Workplace learning has never been more popular. Employees are eager to learn, and more and more organizations have turned to technology as an aid in training workforces large and small, as well as to meet the increasing demand for individual professional learning.
But just under a quarter of organizations that participated in the Chief Learning Officer Business Intelligence Board’s 2019 “Learning State of the Industry” survey reported employees as one of the stakeholders involved in choosing learning delivery methods. At the other roughly three-quarters of companies, the learning and development delivery methods are chosen for employees.
At the same time, over half of U.S. employees said the training provided at their workplace didn’t always meet their personal career objectives, according to a recent study by the City & Guilds Group. The study also revealed that many employees said they’d like to see shorter, more personalized content as part of workplace training, more online and e-learning courses, and some — about 30 percent — are even taking learning into their own hands, investing personal time and money into learning.
One solution could be allowing employee learning to be more self-directed — giving them more of a say in how and what they learn, and when.
But an employee’s self-directed learning journey typically needs a nudge down the right path. There’s enough information out there for learners to get bogged down. A simple Google search returns hundreds, and sometimes thousands, of results to choose from. At work, searching for the answer to a seemingly simple question could lead an employee down unnecessary rabbit holes if they’re not careful.
This is where the learning leader should come in, said Josh Bersin, founder of Bersin by Deloitte. Employees could benefit from a balance of both self-direction and guidance from leadership, as well as enough time to dedicate to their own L&D.
“When you’re in a job and you don’t know how to do something, you don’t want to go off for a week and do an entire training program, you just might want to figure out how to do this one thing,” he said. “But on the counter side, individuals don’t know what they don’t know. You’re not going to ask to learn something you don’t know that you need to know.”
At Relativity, a Chicago-based e-discovery software company, each employee is able to spend average of $3,000 per year, which they can choose to spend on workshops, online training, conferences or e-learning courses that are role-specific and contribute to individual professional development.
“People want a little bit of ownership in their access to different ways of learning,” said Jennifer Westropp, Relativity’s director of talent development and performance. “I think [this investment] allows them to find what’s right for them and their style of learning.”
Relativity plans to continue their individual employee training investments, which are well-received, Westropp said. These opportunities for individual growth are offered in addition to more typical companywide employee workshops and training.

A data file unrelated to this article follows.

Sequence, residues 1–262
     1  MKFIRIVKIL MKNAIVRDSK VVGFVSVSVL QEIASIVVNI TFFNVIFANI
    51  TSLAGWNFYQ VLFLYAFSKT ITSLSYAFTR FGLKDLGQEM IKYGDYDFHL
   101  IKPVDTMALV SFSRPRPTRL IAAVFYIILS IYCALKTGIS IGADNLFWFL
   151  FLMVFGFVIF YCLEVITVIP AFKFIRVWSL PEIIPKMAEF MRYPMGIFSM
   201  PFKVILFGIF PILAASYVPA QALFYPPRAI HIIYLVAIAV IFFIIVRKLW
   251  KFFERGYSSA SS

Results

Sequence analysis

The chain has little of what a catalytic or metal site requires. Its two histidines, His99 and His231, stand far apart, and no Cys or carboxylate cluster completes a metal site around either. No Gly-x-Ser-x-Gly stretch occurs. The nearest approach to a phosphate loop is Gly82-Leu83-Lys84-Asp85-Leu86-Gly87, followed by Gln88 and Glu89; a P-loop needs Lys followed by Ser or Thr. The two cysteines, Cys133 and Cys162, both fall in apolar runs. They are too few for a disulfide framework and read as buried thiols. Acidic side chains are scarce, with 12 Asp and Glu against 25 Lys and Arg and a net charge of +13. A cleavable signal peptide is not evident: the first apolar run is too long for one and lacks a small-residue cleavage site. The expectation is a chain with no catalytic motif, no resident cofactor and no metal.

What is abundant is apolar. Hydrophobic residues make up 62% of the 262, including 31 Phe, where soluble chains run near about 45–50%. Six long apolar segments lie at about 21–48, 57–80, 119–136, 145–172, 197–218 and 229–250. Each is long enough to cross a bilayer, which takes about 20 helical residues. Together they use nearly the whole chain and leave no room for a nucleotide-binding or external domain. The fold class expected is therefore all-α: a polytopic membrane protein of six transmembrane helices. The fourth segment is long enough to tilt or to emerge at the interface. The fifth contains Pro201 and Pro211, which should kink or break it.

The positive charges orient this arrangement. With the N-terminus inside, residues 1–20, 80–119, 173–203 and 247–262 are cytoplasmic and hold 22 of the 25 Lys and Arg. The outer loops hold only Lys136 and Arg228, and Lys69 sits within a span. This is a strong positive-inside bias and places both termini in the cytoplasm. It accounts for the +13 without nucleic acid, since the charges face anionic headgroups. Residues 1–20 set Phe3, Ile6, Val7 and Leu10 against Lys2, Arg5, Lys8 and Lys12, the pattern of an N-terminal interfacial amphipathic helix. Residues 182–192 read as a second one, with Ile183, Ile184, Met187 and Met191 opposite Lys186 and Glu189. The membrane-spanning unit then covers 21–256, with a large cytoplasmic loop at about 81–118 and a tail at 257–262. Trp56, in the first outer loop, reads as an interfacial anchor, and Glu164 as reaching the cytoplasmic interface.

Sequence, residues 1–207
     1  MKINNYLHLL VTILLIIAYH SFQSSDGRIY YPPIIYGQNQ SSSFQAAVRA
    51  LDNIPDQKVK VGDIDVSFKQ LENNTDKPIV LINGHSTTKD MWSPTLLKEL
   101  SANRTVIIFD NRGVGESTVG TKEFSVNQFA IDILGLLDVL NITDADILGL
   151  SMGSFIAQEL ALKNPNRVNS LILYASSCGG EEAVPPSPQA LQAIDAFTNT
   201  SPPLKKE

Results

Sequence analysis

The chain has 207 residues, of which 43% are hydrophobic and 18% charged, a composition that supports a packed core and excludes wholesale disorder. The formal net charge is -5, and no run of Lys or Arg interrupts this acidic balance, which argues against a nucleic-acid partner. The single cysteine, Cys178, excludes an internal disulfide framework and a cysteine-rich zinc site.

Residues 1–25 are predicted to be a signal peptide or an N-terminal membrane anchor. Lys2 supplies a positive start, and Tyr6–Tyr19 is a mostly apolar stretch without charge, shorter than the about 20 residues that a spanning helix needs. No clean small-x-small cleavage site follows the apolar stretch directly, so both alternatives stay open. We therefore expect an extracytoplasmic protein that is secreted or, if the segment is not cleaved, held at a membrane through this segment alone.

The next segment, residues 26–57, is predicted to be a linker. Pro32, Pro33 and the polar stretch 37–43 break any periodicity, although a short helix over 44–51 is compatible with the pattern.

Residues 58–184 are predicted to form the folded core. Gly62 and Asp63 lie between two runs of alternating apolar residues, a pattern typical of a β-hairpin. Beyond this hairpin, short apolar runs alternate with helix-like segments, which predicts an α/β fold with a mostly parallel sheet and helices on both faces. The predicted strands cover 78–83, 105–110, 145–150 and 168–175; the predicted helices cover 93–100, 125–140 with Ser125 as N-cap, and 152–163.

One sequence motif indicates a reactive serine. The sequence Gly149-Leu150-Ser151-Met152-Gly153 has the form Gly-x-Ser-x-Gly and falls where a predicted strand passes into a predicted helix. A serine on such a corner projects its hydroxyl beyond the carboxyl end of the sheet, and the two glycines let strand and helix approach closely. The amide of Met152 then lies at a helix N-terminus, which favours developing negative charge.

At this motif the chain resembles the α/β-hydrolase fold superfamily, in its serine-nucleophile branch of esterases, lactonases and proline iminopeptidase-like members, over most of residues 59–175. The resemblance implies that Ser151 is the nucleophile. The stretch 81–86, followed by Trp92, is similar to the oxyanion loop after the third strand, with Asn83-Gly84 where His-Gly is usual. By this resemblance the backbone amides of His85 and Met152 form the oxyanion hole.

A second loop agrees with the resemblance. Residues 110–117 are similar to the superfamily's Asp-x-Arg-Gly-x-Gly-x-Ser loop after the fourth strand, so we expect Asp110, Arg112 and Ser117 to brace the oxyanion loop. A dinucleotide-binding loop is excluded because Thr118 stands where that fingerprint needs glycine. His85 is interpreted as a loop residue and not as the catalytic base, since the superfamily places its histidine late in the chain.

“We know that people are choosing their employer based on the capability and capacity that they will be provided to grow in their career,” said Dorie Blesoff, chief people officer at Relativity. “And if we want our employees to be accountable for that, we have to be able to provide ways for them to do that. We can’t be spoon-feeding people.”
Blesoff said learning leaders who are in charge of developing companywide learning initiatives need to consider them from the perspective of the learner: What would add value to this particular lesson? What’s missing?
Relativity employees are encouraged to give feedback on their learning experiences, Blesoff said, and are given a few different chances to do so. The company hosts an annual review session where employees participate, and it also sends out The Pulse, a biannual engagement survey that includes questions about career development. Additionally, a project called Manager360 allows employees to give feedback within their own teams and departments.
Wired to Learn
L&D leaders can’t ignore the pull from learners wanting to steer their own professional learning journey.
“Think about it: When you’re born, you don’t know anything and you spend your whole life learning,” Bersin said. “You have to learn how to talk, eat, walk, this and that. Our brains are basically wired for learning. But people have different tendencies and experiences.”
He said that while some may learn just fine reading articles or analyses, others may benefit more from watching a video or participating in a workshop.
Bersin said great learning professionals spend time evaluating how their employees are using and benefiting from L&D programs, and they should always accept feedback and welcome the opportunity to collaborate. Multiple people collaborating in a learning experience can be powerful, he added, because it raises topics that might’ve not been considered before.
Learning has become an important driver of employee engagement and retention, Bersin said. And no matter how you stack it, learners are wanting more ownership.
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